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Jonas Kaufmann at the Teatro alla Scala

Thursday, 24 February 2011 , ora 10.02

The Teatro alla Scala in Milan is no ordinary place. Not only the destiny of an opera as much as the destiny of a performer are in the hands of the most demanding European audience, but also the opera performance itself, as a genre, is taken to another dimension. An evening in Milan is a moment of overwhelming passion and intensity to which no one can remain indifferent, even when not everything goes on as perfectly as it should.

For instance, the opera Tosca by Puccini was directed by Luc Bondy and brought from New York and Munich. Here, in Piedmont, the scenery seems familiar. It depicts a military fortress, maybe the one owned by the House of Sforza in Milan, with high arches and frightening towers. It forecasts the repressive political climate and the tragic ending of the love tale between Floria Tosca and painter Mario Cavaradossi. The director wanted a revolutionary Mario, who cares less about love and more about politics. However, music contradicts him. It did especially on Sunday, 20th February, 2011, when tenor Jonas Kaufmann took his role. Without his spontaneous spirit, the evocative power of his voice, the character would be meaningless. In every aria he performs he dives into the emotional complexity of his part with great sensitiveness. His character steps from the shadow of a selfish and adolescent Tosca who was saved only by the singing qualities and the voluptuous timbre of the Ukrainian soprano Oksana Dyka.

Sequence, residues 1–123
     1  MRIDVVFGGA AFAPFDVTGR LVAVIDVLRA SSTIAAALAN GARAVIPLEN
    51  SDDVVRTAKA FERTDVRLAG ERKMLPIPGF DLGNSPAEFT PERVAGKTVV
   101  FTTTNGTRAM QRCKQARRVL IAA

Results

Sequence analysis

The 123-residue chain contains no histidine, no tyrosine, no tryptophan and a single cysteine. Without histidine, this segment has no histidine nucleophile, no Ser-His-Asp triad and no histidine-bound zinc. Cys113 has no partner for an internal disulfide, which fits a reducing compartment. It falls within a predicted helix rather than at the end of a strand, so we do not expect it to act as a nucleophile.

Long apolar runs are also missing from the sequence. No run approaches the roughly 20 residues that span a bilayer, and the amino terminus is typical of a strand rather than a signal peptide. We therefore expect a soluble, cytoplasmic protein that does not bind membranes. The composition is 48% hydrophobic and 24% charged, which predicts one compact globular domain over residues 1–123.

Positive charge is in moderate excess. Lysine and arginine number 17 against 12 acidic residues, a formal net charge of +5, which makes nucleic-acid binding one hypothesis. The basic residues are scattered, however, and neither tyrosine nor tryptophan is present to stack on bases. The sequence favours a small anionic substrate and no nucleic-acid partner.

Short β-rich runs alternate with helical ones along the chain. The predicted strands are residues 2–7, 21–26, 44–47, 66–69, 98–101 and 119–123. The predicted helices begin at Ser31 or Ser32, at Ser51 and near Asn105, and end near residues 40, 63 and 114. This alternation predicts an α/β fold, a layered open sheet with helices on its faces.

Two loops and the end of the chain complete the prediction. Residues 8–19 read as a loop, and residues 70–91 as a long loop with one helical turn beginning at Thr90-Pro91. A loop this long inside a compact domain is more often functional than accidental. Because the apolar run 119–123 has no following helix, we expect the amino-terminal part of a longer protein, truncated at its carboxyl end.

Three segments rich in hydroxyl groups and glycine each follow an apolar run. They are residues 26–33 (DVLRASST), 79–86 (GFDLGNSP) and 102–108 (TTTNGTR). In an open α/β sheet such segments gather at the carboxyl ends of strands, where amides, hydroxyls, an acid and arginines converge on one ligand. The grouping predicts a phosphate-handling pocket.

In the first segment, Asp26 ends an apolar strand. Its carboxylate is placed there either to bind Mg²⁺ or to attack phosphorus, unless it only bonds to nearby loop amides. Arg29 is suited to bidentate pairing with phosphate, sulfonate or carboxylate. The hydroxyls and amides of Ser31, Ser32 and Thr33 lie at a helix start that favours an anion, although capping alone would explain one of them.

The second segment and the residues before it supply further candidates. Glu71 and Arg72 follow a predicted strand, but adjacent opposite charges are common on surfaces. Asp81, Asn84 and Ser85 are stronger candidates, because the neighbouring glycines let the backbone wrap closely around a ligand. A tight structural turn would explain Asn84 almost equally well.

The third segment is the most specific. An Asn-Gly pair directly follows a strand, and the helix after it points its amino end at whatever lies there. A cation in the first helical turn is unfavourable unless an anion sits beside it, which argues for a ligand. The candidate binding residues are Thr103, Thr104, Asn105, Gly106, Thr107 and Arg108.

Directed by Bondy, Scarpia, who seems to be more libertine in nature, is in fact the most complex character. Baritone Zeljko Lucic mastered all the facets of his role and was accompanied by an authoritarian voice to sing in high register. He turned his character into a human and Machiavellian man that, surprisingly, proved to be appealing to us.

The orchestra - conducted by Omer Meir Wellber, a young protégée of Daniel Barenboim - is as passionate as it is precise. And the acoustic at the Teatro alla Scala takes us to the incandescent centre of the music and offers us a journey of a lifetime.

Alexandra Diaconu
Translated by Raluca Mizdrea and Elena Daniela Radu
MAstudents, MTTLC, Bucharest University